State funeral ‘rip-off’
Minister orders criminal charges after taxpayers’ millions spent on VIP burials
● The funerals of Winnie Madikizela-Mandela and two other ANC struggle stalwarts cost taxpayers R76m in what the department of public works has branded a giant rip-off.
Public works & infrastructure minister Patricia de Lille has instructed her officials to lay fraud charges against the company that staged the funerals of Madikizela-Mandela, Zola Skweyiya and Billy Modise, who all died in 2018, for allegedly inflating their invoices.
She is also moving to cap the amount state and official funerals can cost the taxpayer.
For the funerals of Madikizela-Mandela and Skweyiya, the department spent R7m to hire padded chairs, leather couches and scatter cushions; R2.47m for draping; R470,000 for serviettes; R695,000 for orchestra equipment and R30,000 to dig three graves.
But that’s not all. The huge bill, according to invoices the Sunday Times has seen, excluded venue hire such as that of Soweto’s Orlando Stadium, where 37,000 people attended Madikizela-Mandela’s funeral service.
However, Sammy Mashita, project manager of Crocia Events, which won a two-year tender in 2017 to provide infrastructure for all state funerals, insists that he saved the state money.
He said the department would have paid “R274m for services rendered” had his company not pointed out inefficiencies in the tender.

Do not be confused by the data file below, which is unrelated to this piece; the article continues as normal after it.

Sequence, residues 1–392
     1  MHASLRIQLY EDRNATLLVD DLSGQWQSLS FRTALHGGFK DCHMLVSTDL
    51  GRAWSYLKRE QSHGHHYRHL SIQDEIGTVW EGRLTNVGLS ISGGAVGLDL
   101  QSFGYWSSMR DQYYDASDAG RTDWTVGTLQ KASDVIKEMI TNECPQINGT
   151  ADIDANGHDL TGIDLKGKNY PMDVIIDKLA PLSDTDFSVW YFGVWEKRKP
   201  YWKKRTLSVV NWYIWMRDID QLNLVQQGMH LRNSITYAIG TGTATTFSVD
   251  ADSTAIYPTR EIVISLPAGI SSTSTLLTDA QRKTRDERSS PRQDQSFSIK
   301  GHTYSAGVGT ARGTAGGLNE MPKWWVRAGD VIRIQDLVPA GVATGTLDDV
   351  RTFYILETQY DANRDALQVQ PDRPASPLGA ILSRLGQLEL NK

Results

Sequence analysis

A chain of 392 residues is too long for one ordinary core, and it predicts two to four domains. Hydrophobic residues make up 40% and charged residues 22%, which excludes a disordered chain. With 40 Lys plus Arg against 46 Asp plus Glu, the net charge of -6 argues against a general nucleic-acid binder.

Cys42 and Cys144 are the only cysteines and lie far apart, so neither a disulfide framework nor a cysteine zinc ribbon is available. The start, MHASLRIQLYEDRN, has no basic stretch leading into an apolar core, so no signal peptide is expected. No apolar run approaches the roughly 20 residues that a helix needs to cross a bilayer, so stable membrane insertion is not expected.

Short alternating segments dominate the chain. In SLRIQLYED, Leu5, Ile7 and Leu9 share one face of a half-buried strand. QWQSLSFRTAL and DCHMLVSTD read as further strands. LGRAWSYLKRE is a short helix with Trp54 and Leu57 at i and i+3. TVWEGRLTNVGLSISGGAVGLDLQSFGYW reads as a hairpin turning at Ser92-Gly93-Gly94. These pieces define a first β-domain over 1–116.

“This was because of the stupidity of those who compiled the tender specifications. They were more than willing to pay that amount even after we warned them of their glaring stupidity,” he told the Sunday Times this week.
“We actually saved the state huge sums of money because of our business conscience. We told them if they paid us the full amount it would be robbery. For what they were prepared to pay, and what they actually paid us, they could have bought everything that they would ever need for all future funerals.”
Crocia is owned by Pheladi Mphahlele, who in December 2018 married Mashita in a threeday society wedding at which US R&B star Anthony Hamilton performed.
De Lille said “red flags” around excessive funeral spending warranted high-level investigations by her department’s anti-corruption unit. She told the Sunday Times that she had asked the unit to investigate whether proper processes were followed in appointing Crocia, and to report back to her by next month.
“We have given the instruction to the relevant officials to lay criminal charges against the service provider,” she said.